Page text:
Even adult women must ask at the pharmacist’s counter to purchase emergency contraception as pharmacies are keeping the pills ‘behind-the-counter” – a measure FDA requested and the manufacturer acceded to it its distribution plan. this is a hurdle to some women who may be sensitive about requesting EC.

What You Can Do: All women should have access to contraceptives, regardless of age or ability to pay. Check with your local pharmacy to find out how over-the-counter EC is dispensed, and whether pharmacies or pharmacists are imposing additional barriers. NOW has proposed a series of steps that would ease access for all women and ultimately lead to full over-the counter availability.

Access for Young Rape Survivors – The most disheartening and compelling aspect of the decision to require young women to first get a doctor’s prescription is that about 44% of rape and sexual assault victims are under age 18. And a third of those involve a perpetrator who is a family member. On average around 200,000 women report being victims of rape, attempted rape and sexual assault, according to the U.S. DOJ. The figure suggests that there are tens of thousands young rape survivors each year – some estimate between 22,000 and 25,000 annually — who face the multiple barriers of finding a co-operative doctor, getting an appointment and locating a pharmacy that will fill a prescription for emergency contraception for a minor – all within 72 to 120 hours of unprotected intercourse. And estimates are that rape is significantly underreported.

What You Can Do: Contact Baltimore NOW to get involved with their project on investigating and improving the rape kit backlog problem in the City/County.

Any activist can call hospitals in your area, ask to speak to the administrator for emergency room services and ask whether ER personnel are required to provide information about EC to rape survivors, and whether they provide emergency contraception on the spot. Urge them to fully inform survivors of the availability of EC and provide the drug at that time or make arrangements with a nearby pharmacy to assist the survivor in promptly obtaining EC. For underage survivors, the attending ER doctor should provide the rape survivor with a prescription.

Rape Survivors Who Go to Emergency Rooms – A few states mandate that hospital emergency room personnel advise rape survivors of the availability of emergency contraception and provide EC. According to the Center for Reproductive Rights, emergency rooms in Arkansas and Colorado are required to provide information about EC. Those states which mandate that emergency contraception is to be dispensed in the ER upon request are: Connecticut, Minnesota and Oregon, California, Illinois, Massachusetts, New Jersey, New Mexico, New York, South Carolina and Washington.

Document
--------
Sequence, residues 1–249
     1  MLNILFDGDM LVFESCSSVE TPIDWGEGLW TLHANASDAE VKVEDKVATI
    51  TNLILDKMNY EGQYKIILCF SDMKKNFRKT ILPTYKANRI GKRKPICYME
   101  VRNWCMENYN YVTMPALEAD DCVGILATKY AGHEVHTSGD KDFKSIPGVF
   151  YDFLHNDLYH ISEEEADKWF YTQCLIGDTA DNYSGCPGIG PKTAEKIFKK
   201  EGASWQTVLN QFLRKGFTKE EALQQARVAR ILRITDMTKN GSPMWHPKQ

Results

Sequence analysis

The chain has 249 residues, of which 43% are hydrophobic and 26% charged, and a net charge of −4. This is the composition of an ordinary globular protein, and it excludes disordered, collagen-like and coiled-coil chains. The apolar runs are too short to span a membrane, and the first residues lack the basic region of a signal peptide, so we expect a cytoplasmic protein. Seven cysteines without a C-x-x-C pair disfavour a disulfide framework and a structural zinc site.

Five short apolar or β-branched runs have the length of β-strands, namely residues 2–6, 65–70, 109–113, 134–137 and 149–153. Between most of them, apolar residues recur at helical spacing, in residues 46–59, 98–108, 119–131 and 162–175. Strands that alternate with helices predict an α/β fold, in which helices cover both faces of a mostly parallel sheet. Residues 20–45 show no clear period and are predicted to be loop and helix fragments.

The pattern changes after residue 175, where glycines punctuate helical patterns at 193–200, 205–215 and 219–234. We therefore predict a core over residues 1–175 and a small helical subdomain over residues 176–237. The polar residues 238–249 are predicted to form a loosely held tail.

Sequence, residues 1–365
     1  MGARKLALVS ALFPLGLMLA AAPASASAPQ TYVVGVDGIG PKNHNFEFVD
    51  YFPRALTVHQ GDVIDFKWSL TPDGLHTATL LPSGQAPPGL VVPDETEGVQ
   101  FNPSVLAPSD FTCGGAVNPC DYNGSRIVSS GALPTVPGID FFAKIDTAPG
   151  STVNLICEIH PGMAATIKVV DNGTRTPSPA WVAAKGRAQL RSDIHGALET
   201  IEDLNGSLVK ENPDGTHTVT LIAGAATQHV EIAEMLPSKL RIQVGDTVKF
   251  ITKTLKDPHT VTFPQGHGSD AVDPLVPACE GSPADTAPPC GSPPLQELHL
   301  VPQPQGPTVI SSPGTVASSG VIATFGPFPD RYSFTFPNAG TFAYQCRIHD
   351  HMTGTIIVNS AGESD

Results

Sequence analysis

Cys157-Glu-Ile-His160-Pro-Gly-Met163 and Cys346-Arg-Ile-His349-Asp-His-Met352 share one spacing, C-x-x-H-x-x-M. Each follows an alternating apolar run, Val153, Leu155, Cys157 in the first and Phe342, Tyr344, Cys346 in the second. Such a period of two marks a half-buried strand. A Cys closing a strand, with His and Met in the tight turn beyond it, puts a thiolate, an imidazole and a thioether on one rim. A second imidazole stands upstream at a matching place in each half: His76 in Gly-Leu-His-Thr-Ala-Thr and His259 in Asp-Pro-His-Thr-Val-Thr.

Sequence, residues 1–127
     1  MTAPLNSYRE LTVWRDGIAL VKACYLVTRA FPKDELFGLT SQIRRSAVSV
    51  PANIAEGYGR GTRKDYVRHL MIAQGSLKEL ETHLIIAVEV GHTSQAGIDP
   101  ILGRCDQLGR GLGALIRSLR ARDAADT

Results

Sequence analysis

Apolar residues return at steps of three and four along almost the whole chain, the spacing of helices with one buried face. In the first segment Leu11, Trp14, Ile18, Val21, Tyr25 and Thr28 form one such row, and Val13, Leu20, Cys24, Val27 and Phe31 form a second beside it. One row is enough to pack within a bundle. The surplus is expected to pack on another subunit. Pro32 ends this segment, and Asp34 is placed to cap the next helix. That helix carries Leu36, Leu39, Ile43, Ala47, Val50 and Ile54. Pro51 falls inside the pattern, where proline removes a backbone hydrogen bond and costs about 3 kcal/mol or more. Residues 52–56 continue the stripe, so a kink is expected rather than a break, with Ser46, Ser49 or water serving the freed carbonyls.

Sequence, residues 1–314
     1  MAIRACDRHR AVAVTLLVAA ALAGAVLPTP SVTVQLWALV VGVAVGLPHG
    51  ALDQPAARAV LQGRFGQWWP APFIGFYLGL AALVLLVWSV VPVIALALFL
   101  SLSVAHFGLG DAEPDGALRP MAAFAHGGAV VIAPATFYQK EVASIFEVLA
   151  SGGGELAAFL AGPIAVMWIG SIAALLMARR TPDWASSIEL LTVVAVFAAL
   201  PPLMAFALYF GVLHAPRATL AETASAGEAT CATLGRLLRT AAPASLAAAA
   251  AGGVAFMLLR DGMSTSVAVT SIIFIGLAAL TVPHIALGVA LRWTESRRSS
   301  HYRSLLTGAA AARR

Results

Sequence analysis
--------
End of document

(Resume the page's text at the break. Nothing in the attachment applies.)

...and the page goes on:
Despite these mandates, a 2006 study by Catholics for a Free Choice found that many Catholic hospitals are not complying with state laws in Washington, South Carolina, New York, and California. Emergency room access to EC has become more difficult as a result of the hospital merger trend, where numerous formerly community and non-sectarian hospitals have been taken over by the Catholic Church and the number of reproductive rights medical services have been curtailed. For more information, see http://www.catholicsforchoice.org and http://www.mergerwatch.org/hospital_mergers.html.

What You Can Do: Educate your state legislators about the need for emergency room mandates for EC services in all hospitals. You can check the state government websites for the states named above to find models of legislation that they have passed.

Treatment Hindered for Military Rape Survivors – There is a critical lack of access to EC at military health care facilities for the 350,000 women serving in the armed services [See “Tell Congress: Stop Denying Emergency Contraception to our Servicewomen”]. Most appalling is the fact that thousands of military women have reported being sexually assaulted while on duty and there is no guarantee that appropriate medical care will be made available to them.

The Department of Defense placed emergency contraception on its Basic Care Formulary required to be stocked at all military treatment facilities, but it was quickly removed from the list after pressure from the Bush administration. Now, emergency contraception is available only at those individual health facilities that decide to make it available. In the meantime, the lack of emergency contraception doubly victimizes servicewomen – some of whom suffer from trauma serious enough to impair their military careers.

What You Can Do: Contact any military facility in your area and ask whether that facility makes EC available to military women and their dependents. Let them know how important it is to a rape survivor’s recovery that she be able to prevent a pregnancy resulting from the rape. Learn about the Compassionate Care for Servicewomen Act and make sure your member of Congress understands what it would do for the women serving our country in the military.